Amy Sillman, Dub Stamp, 2018, acrylic, ink, and silk screen on paper. Installation view. Photo: Damian Griffiths.

Amy Sillman, Dub Stamp, 2018, acrylic, ink, and silk screen on paper. Installation view. Photo: Damian Griffiths.

Amy Sillman

Amy Sillman, Dub Stamp, 2018, acrylic, ink, and silk screen on paper. Installation view. Photo: Damian Griffiths.

By titling her new exhibition “Landline,” Amy Sillman might seem to suggest a longing for the past. But no one would accuse the artist of nostalgia. The show—organized by Martin Clark and containing thirteen paintings, several groups of works on paper, and two animated videos—is set firmly in the present, and makes it clear that our politics are ruling, invading, colonizing Sillman’s mood.

The show’s first room features Dub Stamp, 2018, a suite of twelve double-sided works on paper hung on a wire cutting diagonally across Camden Arts Centre’s large, street-facing second-floor space. Some of the panels—made with silk screen, ink, and acrylic—portray a rigid, bent-over figure; others layer silk-screened brushstrokes over Benday-style dots or washes, shapes, cutouts, and outlines. Appearing as if in a sequence, the figure seems to grovel across the room, her vomit pooling on the ground but also plugging her mouth with its inky force. But she doesn’t get out—at all. The last image, at the far end of the gallery, is a partial one; the figure is cut off at the hips. She’s not going to recover anytime soon.

Amy Sillman, Lift & Separate, 2017–18, oil on canvas, 75 × 66".

“Landline” is unusual relative to Sillman’s recent exhibitions, in that it actually features paintings in their most classic format: paint brushed onto canvas. Lately, she has tended to apply pigment as one stage in a complex, mutlilayered process and as spills or stains. Panorama, shown in 2016 at Portikus, Frankfurt, was a massive installation of twenty-four large ink-jet prints on stretched canvas of digitally magnified drawings, layered with thin washes; in “Mostly Drawing” at Gladstone Gallery this past winter, Sillman cut up, magnified, collaged, and washed off drawings in paint, repeating the process enough times for the line between print and paint to be essentially obliterated. The generally large-scale paintings in “Landline”— all but three are from 2017–18—don’t directly involve all that “process work,” but its effects are there, and several of the groups of works on paper on view remind us of the dialogical but also overlapping relationship between these bodies of work. The paintings in “Landline” are deliberate and precise, their surfaces thickened not only literally but with the kind of dread that oozes from Dub Stamp’s shaky crawl. The marks in these paintings imply neither expressiveness nor immediacy; rather, painting, for Sillman, has become a mechanism for contending with the distance between canvas and subject.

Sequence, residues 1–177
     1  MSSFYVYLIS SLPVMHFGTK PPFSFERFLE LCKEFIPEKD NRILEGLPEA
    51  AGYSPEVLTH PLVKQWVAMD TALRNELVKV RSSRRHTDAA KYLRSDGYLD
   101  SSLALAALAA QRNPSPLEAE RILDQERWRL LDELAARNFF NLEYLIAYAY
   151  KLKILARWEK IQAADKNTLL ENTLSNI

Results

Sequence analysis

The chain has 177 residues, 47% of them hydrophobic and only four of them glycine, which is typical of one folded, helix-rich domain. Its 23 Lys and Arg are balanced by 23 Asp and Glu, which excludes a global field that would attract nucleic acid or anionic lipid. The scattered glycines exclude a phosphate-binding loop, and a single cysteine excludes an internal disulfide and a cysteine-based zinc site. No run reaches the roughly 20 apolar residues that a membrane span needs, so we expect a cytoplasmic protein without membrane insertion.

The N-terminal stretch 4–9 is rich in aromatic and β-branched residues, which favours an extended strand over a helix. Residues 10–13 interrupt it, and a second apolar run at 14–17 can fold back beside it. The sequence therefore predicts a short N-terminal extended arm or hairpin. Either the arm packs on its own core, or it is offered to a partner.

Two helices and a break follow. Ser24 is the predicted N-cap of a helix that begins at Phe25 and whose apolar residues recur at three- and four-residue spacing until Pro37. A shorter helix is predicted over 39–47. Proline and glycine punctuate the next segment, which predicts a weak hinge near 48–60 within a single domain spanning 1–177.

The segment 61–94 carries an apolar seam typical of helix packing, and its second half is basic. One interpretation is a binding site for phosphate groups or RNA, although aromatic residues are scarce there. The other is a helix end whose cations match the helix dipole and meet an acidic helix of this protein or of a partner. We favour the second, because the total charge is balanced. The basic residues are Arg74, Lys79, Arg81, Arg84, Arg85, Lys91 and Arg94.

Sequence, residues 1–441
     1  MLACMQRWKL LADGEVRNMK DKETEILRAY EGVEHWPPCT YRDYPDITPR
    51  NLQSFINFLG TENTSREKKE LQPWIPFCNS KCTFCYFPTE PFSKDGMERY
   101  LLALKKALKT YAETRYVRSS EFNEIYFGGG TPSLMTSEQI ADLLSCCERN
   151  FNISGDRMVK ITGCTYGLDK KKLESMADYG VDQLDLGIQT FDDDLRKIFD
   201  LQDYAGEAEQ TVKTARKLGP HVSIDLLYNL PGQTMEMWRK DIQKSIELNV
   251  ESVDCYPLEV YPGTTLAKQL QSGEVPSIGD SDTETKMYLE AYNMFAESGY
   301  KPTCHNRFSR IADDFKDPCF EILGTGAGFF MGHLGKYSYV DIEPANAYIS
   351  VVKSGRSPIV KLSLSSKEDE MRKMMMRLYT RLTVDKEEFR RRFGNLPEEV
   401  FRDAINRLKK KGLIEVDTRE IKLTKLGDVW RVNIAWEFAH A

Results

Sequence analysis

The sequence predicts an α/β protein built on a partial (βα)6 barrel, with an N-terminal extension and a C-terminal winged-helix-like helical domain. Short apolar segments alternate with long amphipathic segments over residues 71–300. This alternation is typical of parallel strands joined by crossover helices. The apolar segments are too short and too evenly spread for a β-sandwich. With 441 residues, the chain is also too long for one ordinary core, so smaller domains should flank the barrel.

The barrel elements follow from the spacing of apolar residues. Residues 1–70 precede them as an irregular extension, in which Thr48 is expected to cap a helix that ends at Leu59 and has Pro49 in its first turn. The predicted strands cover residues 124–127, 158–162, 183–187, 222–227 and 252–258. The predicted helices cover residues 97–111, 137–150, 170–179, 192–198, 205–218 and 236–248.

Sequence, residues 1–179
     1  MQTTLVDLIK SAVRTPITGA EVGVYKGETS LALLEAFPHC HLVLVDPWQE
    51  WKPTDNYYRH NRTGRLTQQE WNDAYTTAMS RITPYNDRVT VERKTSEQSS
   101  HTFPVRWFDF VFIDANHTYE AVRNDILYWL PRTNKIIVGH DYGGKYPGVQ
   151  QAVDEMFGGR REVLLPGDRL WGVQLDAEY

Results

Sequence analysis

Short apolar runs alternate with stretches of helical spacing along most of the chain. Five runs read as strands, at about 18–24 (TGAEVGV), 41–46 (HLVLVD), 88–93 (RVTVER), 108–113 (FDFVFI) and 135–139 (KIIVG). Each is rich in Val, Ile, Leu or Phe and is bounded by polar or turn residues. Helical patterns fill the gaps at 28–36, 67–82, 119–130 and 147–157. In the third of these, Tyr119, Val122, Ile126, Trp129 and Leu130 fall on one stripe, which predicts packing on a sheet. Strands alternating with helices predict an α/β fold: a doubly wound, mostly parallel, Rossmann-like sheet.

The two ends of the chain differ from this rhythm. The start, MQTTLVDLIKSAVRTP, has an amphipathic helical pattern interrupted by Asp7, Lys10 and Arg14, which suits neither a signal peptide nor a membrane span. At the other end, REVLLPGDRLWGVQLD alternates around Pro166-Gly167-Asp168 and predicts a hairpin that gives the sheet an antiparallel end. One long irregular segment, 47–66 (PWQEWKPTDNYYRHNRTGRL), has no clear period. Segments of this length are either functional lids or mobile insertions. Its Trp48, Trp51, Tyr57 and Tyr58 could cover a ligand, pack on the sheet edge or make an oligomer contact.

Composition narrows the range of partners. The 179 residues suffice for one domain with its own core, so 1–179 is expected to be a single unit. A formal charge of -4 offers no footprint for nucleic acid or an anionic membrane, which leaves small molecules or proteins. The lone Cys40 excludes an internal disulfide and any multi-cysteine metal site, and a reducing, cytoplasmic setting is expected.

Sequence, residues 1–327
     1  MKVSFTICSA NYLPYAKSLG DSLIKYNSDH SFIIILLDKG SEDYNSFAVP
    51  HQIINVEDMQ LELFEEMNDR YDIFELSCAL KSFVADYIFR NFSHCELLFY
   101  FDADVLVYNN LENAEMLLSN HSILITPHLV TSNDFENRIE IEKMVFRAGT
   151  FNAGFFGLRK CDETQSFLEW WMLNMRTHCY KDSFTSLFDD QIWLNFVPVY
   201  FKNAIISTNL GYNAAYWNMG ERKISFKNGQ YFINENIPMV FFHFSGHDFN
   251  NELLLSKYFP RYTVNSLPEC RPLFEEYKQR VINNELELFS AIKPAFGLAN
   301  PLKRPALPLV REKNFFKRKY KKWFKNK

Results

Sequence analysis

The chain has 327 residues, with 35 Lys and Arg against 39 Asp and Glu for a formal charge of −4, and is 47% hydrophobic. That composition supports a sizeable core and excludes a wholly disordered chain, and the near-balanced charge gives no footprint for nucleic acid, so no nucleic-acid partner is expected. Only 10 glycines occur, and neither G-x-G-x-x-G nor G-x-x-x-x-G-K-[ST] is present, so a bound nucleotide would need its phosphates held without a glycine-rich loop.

In the zine accompanying this show, Sillman points out the importance of shape in her recent thinking: “I love shapes for their anachronism, their permissiveness, their ill-fittingness,” she writes. In fact, shape might be the very figure (as it were) through which we can think further about how distance, subject, and process function in her painting. In her works on paper, shape acts as a generative structure: Submitted to scale-shifting, montage, copying, and fragmentation, it engenders new forms and a state of multiplicity that thwarts any sense of specular wholeness. In the paintings in “Landline,” by contrast, shape operates as a kind of drawing with paint. But here, too, Sillman dismantles specular wholeness: Her line conjures restless movement, the unfolding of the painting surface into multiple internal surfaces, subdivisions of the nonliteral spaces that a painting surface opens up.

There is a recurring trope in the new paintings: doubled figures. Clark, in an excellent essay, notes that these recall the “mopers” Sillman described in some drawings from 2015. But it’s the spaces between the figures that drew my attention: Over and over, fields of broad scrapes or short strokes contravene the narrative implications that would otherwise subtend the emotionally charged motif of two bodies lying face-to-face. Such fields (or their busier counterparts in the figureless paintings) almost evoke Cubism’s prismatic investments in space. But we are (artistically) a long way from 1908, and Sillman knows that the disrupted, disunified painting space will never seem as radical as it once did. If anything, she paints us past not just claims for radicality in art but the ideologies that have long undergirded such claims. To adopt a hoary art-historical cliché: The internal logic of the picture once correlated to the interiority of the individual, the breakdown of the one entailing the collapse of the other. But this understanding depended in some way on the presumption of clear distance between the canvas and the painter. Sillman’s broken-up, magnified, and displaced shapes step into the breach of a world de-constituting itself as objective reality. They index not modernist shock or withdrawal but the slipperiness of a reality that is increasingly ungraspable, one in which the space between things is quickly evaporating. In that world, the relation between canvas and painter is as precarious as any other. Sillman consciously stops short of offering any resolution.

“Amy Sillman: Landline” is on view through January 6, 2019.

Rachel Haidu is a critic and art historian based in Rochester, NY.